The Japanese employment market has a curious feature: there are regions of Japan with extremely high economic productivity (such as Tokyo, Osaka, and Nagoya, but for the purpose of this issue think “Tokyo” and you won’t be wrong) and regions with low economic productivity (substantially everywhere else). This counsels that a young person born and educated in e.g. Gifu move to Tokyo after graduation to earn a living.
Many, many do. While Japan’s overall population is declining, Tokyo’s increases by about 100,000 people per year.
Educating children is incredibly expensive. The regions are quite annoyed that they pay to educate their children but that Tokyo reaps all the benefits. This state of affairs has continued for decades.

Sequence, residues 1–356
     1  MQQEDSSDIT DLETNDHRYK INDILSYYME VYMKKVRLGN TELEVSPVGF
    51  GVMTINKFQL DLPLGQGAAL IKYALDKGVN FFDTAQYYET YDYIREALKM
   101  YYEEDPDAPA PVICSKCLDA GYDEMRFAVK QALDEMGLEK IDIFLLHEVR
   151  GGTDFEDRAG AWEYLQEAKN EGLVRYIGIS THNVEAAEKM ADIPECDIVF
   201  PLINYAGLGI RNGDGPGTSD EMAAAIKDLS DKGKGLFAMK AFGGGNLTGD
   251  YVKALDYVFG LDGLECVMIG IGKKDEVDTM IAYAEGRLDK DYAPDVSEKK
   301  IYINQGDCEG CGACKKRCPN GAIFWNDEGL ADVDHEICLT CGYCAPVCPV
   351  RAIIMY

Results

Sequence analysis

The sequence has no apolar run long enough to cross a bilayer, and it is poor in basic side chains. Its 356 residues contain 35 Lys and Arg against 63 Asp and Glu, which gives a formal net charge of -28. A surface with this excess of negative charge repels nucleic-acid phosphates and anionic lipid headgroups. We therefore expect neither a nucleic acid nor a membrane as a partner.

But Japan has a policy response for it, and it is sort of beautiful. Called ふるさと納税 (Furusato Nouzei or, roughly, the Hometown Tax System) [ … ]
Via Matt Levine.
Matt Levine's daily commentary on financial matters frequently makes me giggle. Here is a particularly good one:
“Rat in Broth Wipes $190 Million Off Restaurant Chain’s Value” is the unappetizing headline here: Shares of Xiabuxiabu Catering Management, a Chinese public company, lost 12.5 percent of their value in two days after, you know, Rat in Broth. Rat in Broth will do that. (There’s a picture.) But the thing about Rat in Broth is that anyone could put a Rat in Broth, leading at least one person to speculate on Twitter about the possibility that this could be “intentional share price manipulation.” [ … ]